A colleague of mine, a Ph.D. in Physics, objected to my use of the term “infinite storage” in some lecture notes I posted on the Web.
I think that infinite storage is something that might be possible in my lifetime. What does “infinite storage” means? Let us consider how much is required to achieve the mythical (digital) memex.
- To record everything you read in a year requires 25MB.
- To record everything you hear in a year requires 100GB.
- To record everything you see in a year requires 10TB.
Hence, I argue that whenever I will be able to buy a cheap 10TB disk at my local electronics store, I will have infinite storage. Currently a portable 1TB drive can be had for $569.
What about recording everything I hear? Right now, I can buy a slick 100GB portable drive for $160.
Interesting question: how would I ever search through all these sounds?
And what about all these people who will get upset that I am recording them?
(Reference: Jim Gray, What Next? A Dozen Information-Technology Research Goals, Journal of the ACM, Vol. 50, No. 1, January 2003.)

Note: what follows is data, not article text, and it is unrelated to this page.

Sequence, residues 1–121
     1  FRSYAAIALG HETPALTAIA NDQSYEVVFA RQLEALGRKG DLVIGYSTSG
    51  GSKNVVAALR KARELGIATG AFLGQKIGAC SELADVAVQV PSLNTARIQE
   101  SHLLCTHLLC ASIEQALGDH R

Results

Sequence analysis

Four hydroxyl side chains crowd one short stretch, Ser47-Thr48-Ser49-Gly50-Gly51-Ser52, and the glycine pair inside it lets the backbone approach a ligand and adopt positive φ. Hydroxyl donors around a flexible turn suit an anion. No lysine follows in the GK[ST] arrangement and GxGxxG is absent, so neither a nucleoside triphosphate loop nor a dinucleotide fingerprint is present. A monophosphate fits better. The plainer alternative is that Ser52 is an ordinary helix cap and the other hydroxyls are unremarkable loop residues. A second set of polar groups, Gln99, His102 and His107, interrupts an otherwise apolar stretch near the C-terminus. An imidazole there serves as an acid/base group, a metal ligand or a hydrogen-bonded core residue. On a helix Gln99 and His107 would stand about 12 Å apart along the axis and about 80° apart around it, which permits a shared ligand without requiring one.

2 thoughts on “What is infinite storage?”
you may not even have to buy the infinite storage. My Dreamhost account comes with 200GB of storage, and they add 1GB/week. For less that $10/month. They recently increased allocated drive space by an order of magnitude, at no additional cost to the users. Essentially infinite storage, available from anywhere on the Internet Cloud. They also throw in 2TB of bandwidth per month to provide access to that growing hard drive.
Have a look at the amount of data collected for the following experiment:
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